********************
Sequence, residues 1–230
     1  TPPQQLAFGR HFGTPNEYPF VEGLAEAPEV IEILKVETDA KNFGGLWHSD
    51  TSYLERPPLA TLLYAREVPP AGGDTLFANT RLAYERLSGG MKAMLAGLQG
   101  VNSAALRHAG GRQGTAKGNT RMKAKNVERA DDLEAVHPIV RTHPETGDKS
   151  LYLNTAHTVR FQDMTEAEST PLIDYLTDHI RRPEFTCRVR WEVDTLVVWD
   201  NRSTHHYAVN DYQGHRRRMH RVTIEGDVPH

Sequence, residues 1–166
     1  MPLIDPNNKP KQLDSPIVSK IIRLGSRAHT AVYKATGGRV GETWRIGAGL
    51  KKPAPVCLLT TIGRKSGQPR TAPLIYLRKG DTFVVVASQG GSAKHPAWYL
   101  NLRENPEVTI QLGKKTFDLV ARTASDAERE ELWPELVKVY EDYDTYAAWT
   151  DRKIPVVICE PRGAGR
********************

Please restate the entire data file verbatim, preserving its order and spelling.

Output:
Sequence, residues 1–230
     1  TPPQQLAFGR HFGTPNEYPF VEGLAEAPEV IEILKVETDA KNFGGLWHSD
    51  TSYLERPPLA TLLYAREVPP AGGDTLFANT RLAYERLSGG MKAMLAGLQG
   101  VNSAALRHAG GRQGTAKGNT RMKAKNVERA DDLEAVHPIV RTHPETGDKS
   151  LYLNTAHTVR FQDMTEAEST PLIDYLTDHI RRPEFTCRVR WEVDTLVVWD
   201  NRSTHHYAVN DYQGHRRRMH RVTIEGDVPH

Sequence, residues 1–166
     1  MPLIDPNNKP KQLDSPIVSK IIRLGSRAHT AVYKATGGRV GETWRIGAGL
    51  KKPAPVCLLT TIGRKSGQPR TAPLIYLRKG DTFVVVASQG GSAKHPAWYL
   101  NLRENPEVTI QLGKKTFDLV ARTASDAERE ELWPELVKVY EDYDTYAAWT
   151  DRKIPVVICE PRGAGR